There is an increasing body of evidence suggesting that the burden of malaria in sub-Saharan Africa has been decreasing over the past decade and continues to do so (see table 1) [17]. The causes of this decline are unclear yet with the current calls for elimination and eradication of malaria[8] the identification of factors causing this decrease, in particular those related to control strategies, would seem paramount.

Table 1 Summary of studies describing reduction in malaria in sub-Saharan Africa

To date the decrease in malaria transmission has been documented in a number of countries including Kenya[2], Tanzania[3, 4], Mozambique[5], Swaziland[5], South Africa[5], Guinea Bissau[6] and Eritrea[7]. The decrease in cases in Southern Africa coincides with indoor residual spraying (IRS) programmes[5] but for the other reports there is no single clear intervention that could explain the declines. In Kenya it was noted that the decline started before the widespread use of insecticide-treated nets (ITNs)[2]. The decline appears to be broadly continent wide: there has been a reported decrease in the mean prevalence of Plasmodium falciparum parasites in cross-sectional surveys from 35% between 1985 and1999 to 20% since 2000[1]. Thus, the decline in malaria predates scaling-up of vector control measures including widespread use of ITNs. During the 1980s and 90s the mainstay of malaria control in Africa was presumptive treatment of fever with an anti-malarial. This strategy has been promoted by the Integrated Management of Childhood Illness (IMCI) and is adopted as policy in many developing countries[9]. In places where transmission is low or decreasing this strategy leads to over-diagnosis of malaria cases[10].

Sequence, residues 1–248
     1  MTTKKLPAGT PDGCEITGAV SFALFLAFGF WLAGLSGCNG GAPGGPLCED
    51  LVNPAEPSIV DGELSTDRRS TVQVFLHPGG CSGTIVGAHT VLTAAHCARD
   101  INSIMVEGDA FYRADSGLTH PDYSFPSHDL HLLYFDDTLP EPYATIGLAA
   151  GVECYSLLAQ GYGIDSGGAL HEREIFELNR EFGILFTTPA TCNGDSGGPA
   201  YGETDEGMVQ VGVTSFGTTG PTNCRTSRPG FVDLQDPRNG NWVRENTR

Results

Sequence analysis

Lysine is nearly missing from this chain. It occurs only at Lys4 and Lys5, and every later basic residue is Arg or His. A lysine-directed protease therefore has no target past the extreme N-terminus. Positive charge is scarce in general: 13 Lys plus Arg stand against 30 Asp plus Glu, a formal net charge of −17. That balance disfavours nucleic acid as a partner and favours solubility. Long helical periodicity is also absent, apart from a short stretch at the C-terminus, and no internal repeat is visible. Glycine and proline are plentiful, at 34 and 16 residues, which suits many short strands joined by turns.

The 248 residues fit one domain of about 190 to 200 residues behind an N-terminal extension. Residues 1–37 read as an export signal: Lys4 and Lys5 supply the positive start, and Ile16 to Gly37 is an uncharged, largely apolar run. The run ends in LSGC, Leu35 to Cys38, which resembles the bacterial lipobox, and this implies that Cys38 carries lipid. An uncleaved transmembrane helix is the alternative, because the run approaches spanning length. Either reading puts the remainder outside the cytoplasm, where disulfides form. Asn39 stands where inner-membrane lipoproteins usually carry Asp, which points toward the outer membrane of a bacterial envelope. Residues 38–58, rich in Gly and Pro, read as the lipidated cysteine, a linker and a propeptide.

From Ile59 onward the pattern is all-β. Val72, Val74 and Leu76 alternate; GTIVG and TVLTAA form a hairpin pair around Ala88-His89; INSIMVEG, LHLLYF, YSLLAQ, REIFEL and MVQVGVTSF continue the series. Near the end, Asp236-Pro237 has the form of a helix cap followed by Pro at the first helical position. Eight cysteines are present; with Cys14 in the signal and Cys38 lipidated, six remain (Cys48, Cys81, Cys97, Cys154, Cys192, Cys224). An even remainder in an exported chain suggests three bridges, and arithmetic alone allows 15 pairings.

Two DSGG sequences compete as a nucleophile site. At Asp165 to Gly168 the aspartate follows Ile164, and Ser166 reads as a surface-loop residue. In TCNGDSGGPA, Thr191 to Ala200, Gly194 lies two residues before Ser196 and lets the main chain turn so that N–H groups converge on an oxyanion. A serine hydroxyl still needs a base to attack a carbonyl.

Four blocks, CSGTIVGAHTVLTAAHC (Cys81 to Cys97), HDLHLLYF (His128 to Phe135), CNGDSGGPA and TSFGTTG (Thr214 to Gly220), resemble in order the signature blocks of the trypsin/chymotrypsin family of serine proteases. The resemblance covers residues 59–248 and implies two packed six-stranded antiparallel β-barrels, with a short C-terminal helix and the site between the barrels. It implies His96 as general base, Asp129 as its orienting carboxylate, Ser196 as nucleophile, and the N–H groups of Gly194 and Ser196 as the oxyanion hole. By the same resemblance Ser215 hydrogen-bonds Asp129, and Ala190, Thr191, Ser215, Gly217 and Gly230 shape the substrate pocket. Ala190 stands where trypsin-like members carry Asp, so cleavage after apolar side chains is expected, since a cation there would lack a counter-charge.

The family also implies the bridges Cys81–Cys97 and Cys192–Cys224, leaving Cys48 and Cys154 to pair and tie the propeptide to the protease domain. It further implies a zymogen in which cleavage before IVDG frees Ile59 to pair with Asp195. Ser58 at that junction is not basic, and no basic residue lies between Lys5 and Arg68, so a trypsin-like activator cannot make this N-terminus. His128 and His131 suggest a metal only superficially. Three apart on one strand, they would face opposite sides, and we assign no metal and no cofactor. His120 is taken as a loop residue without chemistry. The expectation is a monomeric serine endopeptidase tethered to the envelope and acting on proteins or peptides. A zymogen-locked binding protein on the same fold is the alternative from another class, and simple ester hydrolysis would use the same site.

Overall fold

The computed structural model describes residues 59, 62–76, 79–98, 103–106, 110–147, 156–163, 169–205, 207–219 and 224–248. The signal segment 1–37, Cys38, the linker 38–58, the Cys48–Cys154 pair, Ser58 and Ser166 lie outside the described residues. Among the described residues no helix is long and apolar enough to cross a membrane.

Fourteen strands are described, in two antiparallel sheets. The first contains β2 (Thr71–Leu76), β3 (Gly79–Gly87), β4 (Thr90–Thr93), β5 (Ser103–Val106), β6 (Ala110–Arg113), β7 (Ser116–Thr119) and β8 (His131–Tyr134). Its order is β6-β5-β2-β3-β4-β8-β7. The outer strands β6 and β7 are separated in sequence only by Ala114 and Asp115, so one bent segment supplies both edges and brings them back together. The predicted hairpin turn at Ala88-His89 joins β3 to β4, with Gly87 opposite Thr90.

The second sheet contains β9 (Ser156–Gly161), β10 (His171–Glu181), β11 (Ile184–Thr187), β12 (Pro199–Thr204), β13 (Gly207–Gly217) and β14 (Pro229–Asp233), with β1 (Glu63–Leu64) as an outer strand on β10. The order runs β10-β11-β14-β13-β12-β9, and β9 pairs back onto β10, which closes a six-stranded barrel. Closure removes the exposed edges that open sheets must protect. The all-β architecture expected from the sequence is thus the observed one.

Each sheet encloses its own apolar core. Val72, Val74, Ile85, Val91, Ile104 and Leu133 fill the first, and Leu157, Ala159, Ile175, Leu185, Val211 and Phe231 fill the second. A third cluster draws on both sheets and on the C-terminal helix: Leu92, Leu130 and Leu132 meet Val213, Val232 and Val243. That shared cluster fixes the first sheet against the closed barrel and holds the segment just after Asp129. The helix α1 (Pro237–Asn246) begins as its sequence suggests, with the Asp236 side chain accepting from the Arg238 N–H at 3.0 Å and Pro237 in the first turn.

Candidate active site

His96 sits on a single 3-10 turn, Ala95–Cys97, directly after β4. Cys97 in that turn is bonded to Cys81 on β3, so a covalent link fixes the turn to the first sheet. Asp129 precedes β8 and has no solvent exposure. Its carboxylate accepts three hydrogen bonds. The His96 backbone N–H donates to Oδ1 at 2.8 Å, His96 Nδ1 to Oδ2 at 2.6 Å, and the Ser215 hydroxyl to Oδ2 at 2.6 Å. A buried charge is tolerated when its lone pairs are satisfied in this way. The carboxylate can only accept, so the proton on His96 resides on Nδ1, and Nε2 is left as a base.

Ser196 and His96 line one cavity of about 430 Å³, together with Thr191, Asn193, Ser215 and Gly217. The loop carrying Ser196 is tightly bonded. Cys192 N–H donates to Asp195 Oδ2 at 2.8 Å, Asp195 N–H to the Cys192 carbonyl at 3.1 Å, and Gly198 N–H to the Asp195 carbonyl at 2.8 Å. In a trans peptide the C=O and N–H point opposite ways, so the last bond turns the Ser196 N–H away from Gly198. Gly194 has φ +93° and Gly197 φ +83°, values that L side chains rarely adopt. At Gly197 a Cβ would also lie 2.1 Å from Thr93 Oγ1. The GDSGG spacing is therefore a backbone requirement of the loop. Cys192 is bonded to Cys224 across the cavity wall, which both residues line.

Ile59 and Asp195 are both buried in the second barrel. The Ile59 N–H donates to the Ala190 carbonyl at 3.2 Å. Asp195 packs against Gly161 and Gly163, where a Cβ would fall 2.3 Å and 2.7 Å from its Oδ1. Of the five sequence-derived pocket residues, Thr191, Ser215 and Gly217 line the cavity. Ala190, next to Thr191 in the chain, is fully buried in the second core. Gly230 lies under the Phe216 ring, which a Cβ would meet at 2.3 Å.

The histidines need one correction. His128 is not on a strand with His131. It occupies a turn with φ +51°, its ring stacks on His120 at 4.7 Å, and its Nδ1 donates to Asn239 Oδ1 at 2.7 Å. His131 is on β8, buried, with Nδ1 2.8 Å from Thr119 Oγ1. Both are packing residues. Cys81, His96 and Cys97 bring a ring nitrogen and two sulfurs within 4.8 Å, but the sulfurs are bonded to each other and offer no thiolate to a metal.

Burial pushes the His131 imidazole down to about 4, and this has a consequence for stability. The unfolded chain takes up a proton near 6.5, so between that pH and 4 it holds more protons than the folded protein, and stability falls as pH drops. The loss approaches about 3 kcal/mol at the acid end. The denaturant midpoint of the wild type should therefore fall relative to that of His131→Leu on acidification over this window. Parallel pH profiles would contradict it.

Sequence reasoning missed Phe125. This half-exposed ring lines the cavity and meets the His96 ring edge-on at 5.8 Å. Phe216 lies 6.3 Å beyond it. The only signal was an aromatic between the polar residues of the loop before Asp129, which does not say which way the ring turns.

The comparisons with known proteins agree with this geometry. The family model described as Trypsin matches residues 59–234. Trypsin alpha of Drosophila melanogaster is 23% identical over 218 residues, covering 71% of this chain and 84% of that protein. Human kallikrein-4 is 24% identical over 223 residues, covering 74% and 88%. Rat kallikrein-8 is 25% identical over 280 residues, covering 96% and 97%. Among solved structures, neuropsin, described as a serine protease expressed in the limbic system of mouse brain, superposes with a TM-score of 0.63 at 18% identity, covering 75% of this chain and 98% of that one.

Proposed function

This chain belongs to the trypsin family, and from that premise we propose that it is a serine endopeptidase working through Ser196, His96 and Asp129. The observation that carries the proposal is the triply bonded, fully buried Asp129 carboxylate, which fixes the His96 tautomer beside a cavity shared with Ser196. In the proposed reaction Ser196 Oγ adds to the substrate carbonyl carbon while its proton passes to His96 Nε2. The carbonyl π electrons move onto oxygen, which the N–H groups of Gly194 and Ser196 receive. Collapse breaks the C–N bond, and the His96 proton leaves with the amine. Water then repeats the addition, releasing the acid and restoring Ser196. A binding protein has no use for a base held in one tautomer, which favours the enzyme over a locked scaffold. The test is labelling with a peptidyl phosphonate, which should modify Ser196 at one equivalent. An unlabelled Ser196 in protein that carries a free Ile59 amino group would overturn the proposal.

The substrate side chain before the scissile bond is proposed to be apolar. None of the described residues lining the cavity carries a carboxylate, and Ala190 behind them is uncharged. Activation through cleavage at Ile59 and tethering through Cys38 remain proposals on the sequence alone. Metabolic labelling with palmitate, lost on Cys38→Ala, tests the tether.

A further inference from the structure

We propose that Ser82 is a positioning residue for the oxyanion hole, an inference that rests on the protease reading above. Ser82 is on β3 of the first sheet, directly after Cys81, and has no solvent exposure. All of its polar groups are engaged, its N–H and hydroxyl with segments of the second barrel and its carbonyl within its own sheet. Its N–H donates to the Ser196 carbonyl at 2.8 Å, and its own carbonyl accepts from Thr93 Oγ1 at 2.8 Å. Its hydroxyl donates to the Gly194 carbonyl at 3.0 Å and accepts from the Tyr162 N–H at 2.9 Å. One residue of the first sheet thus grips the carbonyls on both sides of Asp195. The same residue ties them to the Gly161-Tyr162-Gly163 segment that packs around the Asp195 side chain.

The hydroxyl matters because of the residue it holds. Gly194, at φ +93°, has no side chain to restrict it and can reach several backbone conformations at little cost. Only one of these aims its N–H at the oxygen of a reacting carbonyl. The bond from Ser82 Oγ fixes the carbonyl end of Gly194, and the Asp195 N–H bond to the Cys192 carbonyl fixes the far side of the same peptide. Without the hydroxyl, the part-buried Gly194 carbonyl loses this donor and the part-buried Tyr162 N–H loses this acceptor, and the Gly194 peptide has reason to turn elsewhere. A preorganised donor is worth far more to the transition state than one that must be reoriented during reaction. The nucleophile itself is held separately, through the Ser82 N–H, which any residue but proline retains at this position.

Presentation of hypothesis

The commonest drugs used for presumptive treatment of fever cases as malaria in the past 50 years of malaria control are chloroquine (CQ) and sulphadoxine-pyrimethamine (SP). Both these drugs have a long half-life and their efficacy and effectiveness for prophylaxis have been clearly documented[11]. Thus, treating most febrile illness with antimalarials, practiced widely in sub-Saharan Africa has lead to a mass and frequently applied treatment against malaria that not only cleared parasitaemia in true cases of malaria but also provided chemoprophylaxis for three weeks in the case of CQ and four weeks in the case of SP. We term this Opportunistic Presumptive Treatment (OPT).

The mechanism of OPT is to effectively treat those who are infected and prevent re-infection in both those who are and in those who are not infected. As most infections occur focally[12, 13], correctly treating these individuals clears active infection and prevents new infection in those most at risk of malaria. This in turn reduces the parasite burden in individuals and the infectious reservoir in the community. In low incidence areas, depending on frequency of treatment of fever as malaria, the community may be receiving enough anti-malarial prophylaxis to reduce transmission due to decreased carriage of parasites and thus, cause a gradual decline in malaria burden.

Testing the hypothesis

The likelihood is that the fall in malaria is multi-factorial with general economic development, climate change and malaria control strategies playing roles and identifying the role OPT has played is complex. However, as treatment of all fever cases remains standard practice in many endemic countries a longitudinal comparison of epidemiological parameters between current practice (OPT) and more targeted treatment of parasite positive febrile cases in the context of other control methods (e.g.ITN) should be undertaken. Strategies for evaluation could be (1) OPT with an ACT or non-ACT for all fever cases without any other obvious cause (current practice); (2) OPT plus an antibiotic for all fever cases; (3) ACT for confirmed cases of malaria (slide or rapid test positive) and OPT with non ACT plus an antibiotic for fever cases confirmed negative for malaria.